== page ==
Coronavirus live news: ‘long way to go,’ says UK PM after 15m offered jab; France hospitals in ‘crisis organisation’

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Prince Charles has spoken of his sadness at the variable uptake of Covid-19 vaccines in Britain and the challenges faced in “particular sections of our society, especially in some ethnic minority communities”.

He made the comments in a video for a webinar on “Covid-19 Vaccine – Facts for the BAME Community,” to be held on Thursday by the British Asian Trust, a development organisation delivering programmes in south Asia.

He said:


Recently, I fear we have reached a most sobering milestone in this seemingly interminable campaign as we marked the tragic loss of a hundred thousand souls. It is clear that the virus has affected all parts of the country, and all sections of society – but it is also clear that there are particular challenges faced in particular sections of our society, especially in some ethnic minority communities.

What saddens me even further is to hear that those challenges are being made even worse by the variable uptake of the vaccines which finally offer us a way out of the suffering of the past year.

A photo from October 28, 2020, showing Britain’s Prince Charles, Prince of Wales and Britain’s Camilla, Duchess of Cornwall during a visit to the headquarters of the Bank of England in the City of London.

A photo from October 28, 2020, showing Britain’s Prince Charles, Prince of Wales and Britain’s Camilla, Duchess of Cornwall during a visit to the headquarters of the Bank of England in the City of London. Photograph: Eddie Mulholland/AFP/Getty Images

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In an echo of others around the world, businesses in London’s Chinatown have been speaking about their fears for their future as lunar new year celebrations go virtual.

Alan Lau’s family business is one of the oldest in London’s Chinatown. Since the 1970s, the Wen Tai Sun art and crafts store in Soho has supplied decorations for the lunar new year, the most important festive holiday for Chinese people around the world. “Usually this would be the pinnacle of our trading year,” he said.

But last week was “scarily quiet” in Chinatown. Every year the area hosts the biggest lunar new year celebrations outside Asia, a massive tourist attraction for domestic and international visitors.

Lau, whose shop supplies restaurants, supermarkets and schools around the country, would normally have sold about 150 boxes of paper dragons for events across the UK’s Chinatowns, from Newcastle to London. This year, he’s sold about 20.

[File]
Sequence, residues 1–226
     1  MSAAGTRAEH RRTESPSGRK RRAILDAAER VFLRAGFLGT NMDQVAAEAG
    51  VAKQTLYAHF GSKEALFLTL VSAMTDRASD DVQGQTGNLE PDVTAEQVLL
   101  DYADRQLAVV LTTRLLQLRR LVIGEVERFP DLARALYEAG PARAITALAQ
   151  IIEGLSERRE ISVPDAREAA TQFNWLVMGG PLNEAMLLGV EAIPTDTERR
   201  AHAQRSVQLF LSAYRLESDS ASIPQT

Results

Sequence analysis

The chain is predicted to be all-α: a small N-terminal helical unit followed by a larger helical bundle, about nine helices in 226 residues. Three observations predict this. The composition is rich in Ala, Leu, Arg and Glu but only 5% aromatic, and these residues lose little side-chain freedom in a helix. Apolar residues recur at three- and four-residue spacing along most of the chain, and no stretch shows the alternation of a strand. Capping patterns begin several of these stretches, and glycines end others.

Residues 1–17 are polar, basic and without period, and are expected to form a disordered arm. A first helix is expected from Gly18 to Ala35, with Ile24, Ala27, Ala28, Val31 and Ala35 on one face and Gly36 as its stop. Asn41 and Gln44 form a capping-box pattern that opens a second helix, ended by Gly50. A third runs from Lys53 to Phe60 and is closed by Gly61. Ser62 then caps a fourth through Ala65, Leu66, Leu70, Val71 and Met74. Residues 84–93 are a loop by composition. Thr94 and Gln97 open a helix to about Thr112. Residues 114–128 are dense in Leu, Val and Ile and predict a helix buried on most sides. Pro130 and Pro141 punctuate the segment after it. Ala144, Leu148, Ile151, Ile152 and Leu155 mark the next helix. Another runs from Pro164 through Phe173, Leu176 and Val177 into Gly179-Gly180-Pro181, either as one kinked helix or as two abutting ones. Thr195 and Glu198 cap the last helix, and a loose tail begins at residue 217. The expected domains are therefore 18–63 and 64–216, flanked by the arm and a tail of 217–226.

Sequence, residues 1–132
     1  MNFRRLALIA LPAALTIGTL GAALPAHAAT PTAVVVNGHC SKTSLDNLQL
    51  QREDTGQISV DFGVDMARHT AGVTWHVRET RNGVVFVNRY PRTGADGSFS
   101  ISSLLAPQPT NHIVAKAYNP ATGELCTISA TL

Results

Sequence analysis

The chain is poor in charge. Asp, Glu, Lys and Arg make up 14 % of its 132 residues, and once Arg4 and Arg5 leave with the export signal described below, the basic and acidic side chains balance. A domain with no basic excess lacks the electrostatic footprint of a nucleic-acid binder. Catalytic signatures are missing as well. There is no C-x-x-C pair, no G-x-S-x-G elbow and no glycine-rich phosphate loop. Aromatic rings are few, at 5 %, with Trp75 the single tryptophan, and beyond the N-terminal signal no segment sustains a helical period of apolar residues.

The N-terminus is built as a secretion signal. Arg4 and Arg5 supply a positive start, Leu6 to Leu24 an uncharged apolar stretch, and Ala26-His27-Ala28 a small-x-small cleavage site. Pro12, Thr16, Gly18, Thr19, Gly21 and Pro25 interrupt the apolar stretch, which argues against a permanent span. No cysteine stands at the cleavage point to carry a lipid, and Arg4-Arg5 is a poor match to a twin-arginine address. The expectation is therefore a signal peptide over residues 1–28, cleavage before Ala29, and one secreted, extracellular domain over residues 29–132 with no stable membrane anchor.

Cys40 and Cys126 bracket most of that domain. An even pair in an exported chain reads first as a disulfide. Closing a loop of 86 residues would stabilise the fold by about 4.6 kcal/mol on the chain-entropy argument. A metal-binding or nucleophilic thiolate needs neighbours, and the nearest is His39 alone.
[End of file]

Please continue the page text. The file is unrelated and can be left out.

“It’s just felt very flat, you wouldn’t have known it was lunar new year,” he said.

People walk through Chinatown on 12 February n London. This year’s festivities, which usher in the Year of the Ox, take place while the UK remains in lockdown

People walk through Chinatown on 12 February n London. This year’s festivities, which usher in the Year of the Ox, take place while the UK remains in lockdown. Photograph: Dan Kitwood/Getty Images

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There is growing controversy over a World Health Organization investigation into the origins of the Covid-19 pandemic after one of its members said China had refused to hand over key data, and the US national security adviser said he had “deep concerns” about the initial findings.

An international delegation travelled to the Chinese city of Wuhan last month as part of efforts to understand how the outbreak began. Dominic Dwyer, an Australian infectious disease expert who was part of the team, said it had requested raw patient data but were only given a summary.

Dwyer told Reuters on Saturday that sharing anonymised raw data is “standard practice” for an outbreak investigation. He said raw data was particularly important in efforts to understand Covid-19 as only half of 174 initial cases had exposure to the now-shuttered market where the virus was initially detected.

“That’s why we’ve persisted to ask for that,” Dwyer said. “Why that doesn’t happen, I couldn’t comment. Whether it’s political or time or it’s difficult.”

Thea Koelsen Fischer of the World Health Organization team arrive at the airport to leave at the end of the WHO mission in Wuhan, China

Thea Koelsen Fischer of the World Health Organization team arrive at the airport to leave at the end of the WHO mission in Wuhan, China on Wednesday. Photograph: Ng Han Guan/AP

On their Twitter accounts, other members of the team have been rejecting reports that Chinese authorities refused to hand over data

Thea K Fischer, Prof. i PH Virus Inf. og Epidemier
(@TheaKFischer)

This was NOT my experience either on the Epi-side. We DID build up a good relationsship in the Chinese/Int Epi-team! Allowing for heated arguments reflects a deep level of engagement in the room. Our quotes are intendedly twisted casting shadows over important scientific work. https://t.co/elL5qrKCxk


February 13, 2021

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